In any event, assuming the practice is willing to commit to writing some co-ownership details prior to a physician commencing employment, the issue arises as to what type of writing. The most common is a letter of intent which is not legally binding and is separate from the actual employment contract. It might spell out the intended timing of co-ownership, whether or not the physician will become an equal owner in terms of equity and voting, the formula for the out-of-pocket buy-in, the formula for any tax-favored income reduction part of the buy-in, the method of dividing income in general (i.e., equal, productivity, or combination thereof), the buy-out, and any related entity (e.g., real estate partnership) issues. Occasionally, letters of intent are extremely detailed and include most of the above, but more often, they are a bit vague and may only include some of the above. In my experience, almost all practices follow through in good faith with the letter of intent. Thus, although not be legally binding, it does give the new physician some sense of security in that they know what to expect.
One might think, then, that it always is beneficial from the resident’s standpoint to push for and get a letter of intent. Not true. It can be costly in terms of legal and accounting fees to negotiate prior to beginning employment. You also may not have much leverage or knowledge of the practice and its owners at that time. You may feel like you need to accept the proposal and regret it later. I had a client who was presented with a very detailed letter of intent along with her initial employment contract. She was comfortable with it at the time. When time came to negotiate the co-ownership after three years of employment, the sole practice owner presented my client with various documents which followed the letter of intent to a tee. However, my client was not happy with the terms of the percentage reduction of her net income entitlement and would not agree to certain “seniority rights” that did not provide her with security and voting power. She ended up leaving the practice. One never knows, but there is a chance that she might have been more successful in her negotiations if the letter of intent did not exist. The practice owner felt that she knew what to expect and he would not give in.
I have also had practice clients that refused to commit to writing certain details about the future or refused to provide certain financial information, and lost candidates for those reasons. The owners of a practice are often very reluctant to share financial information with someone who has not even begun employment. I certainly do not feel a practice should turn over its recent tax returns, financial statements and billing records to every prospective candidate. However, I think the practice should feel comfortable giving a candidate that it sees as viable at least a ballpark idea of the practice’s gross collections, overhead and net income of the owners.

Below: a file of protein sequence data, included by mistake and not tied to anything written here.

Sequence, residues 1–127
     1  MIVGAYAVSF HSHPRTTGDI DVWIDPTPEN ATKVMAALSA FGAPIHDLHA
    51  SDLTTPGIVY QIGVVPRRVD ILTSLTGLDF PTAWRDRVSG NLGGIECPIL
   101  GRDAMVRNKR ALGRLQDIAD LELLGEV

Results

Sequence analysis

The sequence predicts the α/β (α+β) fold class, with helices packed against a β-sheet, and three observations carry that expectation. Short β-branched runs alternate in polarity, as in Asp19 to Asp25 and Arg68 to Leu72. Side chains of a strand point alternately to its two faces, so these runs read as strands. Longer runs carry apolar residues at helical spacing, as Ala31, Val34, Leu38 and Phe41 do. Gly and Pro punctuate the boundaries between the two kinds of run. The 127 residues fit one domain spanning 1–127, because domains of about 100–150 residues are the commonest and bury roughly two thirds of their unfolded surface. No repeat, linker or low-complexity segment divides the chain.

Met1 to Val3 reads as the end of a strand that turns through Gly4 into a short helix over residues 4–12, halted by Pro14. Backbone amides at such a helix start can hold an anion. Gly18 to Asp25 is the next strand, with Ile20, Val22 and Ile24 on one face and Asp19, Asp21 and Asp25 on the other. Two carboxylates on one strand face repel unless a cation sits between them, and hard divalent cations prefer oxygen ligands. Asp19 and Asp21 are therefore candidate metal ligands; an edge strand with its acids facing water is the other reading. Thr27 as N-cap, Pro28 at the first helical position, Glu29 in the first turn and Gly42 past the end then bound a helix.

Some practices go further than a letter of intent. They may provide in the employment contract itself that, if the physician remains employed as of a certain date, he or she will be offered “partnership.” Some go even further and provide for the buy-in formula and other details in the contract. Typically, this may occur in larger practices. The resident should certainly examine the deal closely with his or her advisers prior to signing the contract. Although legally-binding on the practice, keep in mind that the practice can typically terminate the physician without cause during the employment period, so it may not be an actual commitment.
Regardless of whether a letter of intent or any other writing mentions the future arrangement, the practice should present the associate physician with the co-ownership documents and dollar figures well in advance of the targeted effective date. The documents may include a Stock Purchase Agreement, Employment Agreement, Shareholders Agreement, Bylaws, Promissory Note, and Stock Option. These documents take time to draft and negotiate. The accountant needs time to do the calculations. I have been involved in numerous deals which end up being finalized one year after the effective date, which creates unnecessary complications and hard feelings.
Jeffrey B. Sansweet, Esq., is a shareholder with the health care law firm of Kalogredis, Sansweet, Dearden and Burke, Ltd. in Wayne, Pennsylvania.